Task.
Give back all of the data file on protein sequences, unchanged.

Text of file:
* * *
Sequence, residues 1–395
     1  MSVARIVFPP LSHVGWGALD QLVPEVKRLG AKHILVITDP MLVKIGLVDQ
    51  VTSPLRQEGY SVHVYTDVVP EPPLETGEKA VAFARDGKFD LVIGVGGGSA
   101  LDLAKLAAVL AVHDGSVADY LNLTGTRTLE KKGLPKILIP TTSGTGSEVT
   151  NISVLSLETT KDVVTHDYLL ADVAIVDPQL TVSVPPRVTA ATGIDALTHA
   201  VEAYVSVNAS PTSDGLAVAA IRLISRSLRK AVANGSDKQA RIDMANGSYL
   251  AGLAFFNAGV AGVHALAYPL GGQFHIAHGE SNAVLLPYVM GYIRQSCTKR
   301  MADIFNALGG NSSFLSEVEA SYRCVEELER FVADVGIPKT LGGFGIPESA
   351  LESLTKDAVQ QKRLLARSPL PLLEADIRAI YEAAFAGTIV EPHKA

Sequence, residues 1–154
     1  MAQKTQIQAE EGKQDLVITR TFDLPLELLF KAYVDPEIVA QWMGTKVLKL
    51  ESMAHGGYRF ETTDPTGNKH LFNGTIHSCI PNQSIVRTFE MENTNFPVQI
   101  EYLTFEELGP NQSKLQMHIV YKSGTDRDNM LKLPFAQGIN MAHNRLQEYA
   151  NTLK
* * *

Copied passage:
Sequence, residues 1–395
     1  MSVARIVFPP LSHVGWGALD QLVPEVKRLG AKHILVITDP MLVKIGLVDQ
    51  VTSPLRQEGY SVHVYTDVVP EPPLETGEKA VAFARDGKFD LVIGVGGGSA
   101  LDLAKLAAVL AVHDGSVADY LNLTGTRTLE KKGLPKILIP TTSGTGSEVT
   151  NISVLSLETT KDVVTHDYLL ADVAIVDPQL TVSVPPRVTA ATGIDALTHA
   201  VEAYVSVNAS PTSDGLAVAA IRLISRSLRK AVANGSDKQA RIDMANGSYL
   251  AGLAFFNAGV AGVHALAYPL GGQFHIAHGE SNAVLLPYVM GYIRQSCTKR
   301  MADIFNALGG NSSFLSEVEA SYRCVEELER FVADVGIPKT LGGFGIPESA
   351  LESLTKDAVQ QKRLLARSPL PLLEADIRAI YEAAFAGTIV EPHKA

Sequence, residues 1–154
     1  MAQKTQIQAE EGKQDLVITR TFDLPLELLF KAYVDPEIVA QWMGTKVLKL
    51  ESMAHGGYRF ETTDPTGNKH LFNGTIHSCI PNQSIVRTFE MENTNFPVQI
   101  EYLTFEELGP NQSKLQMHIV YKSGTDRDNM LKLPFAQGIN MAHNRLQEYA
   151  NTLK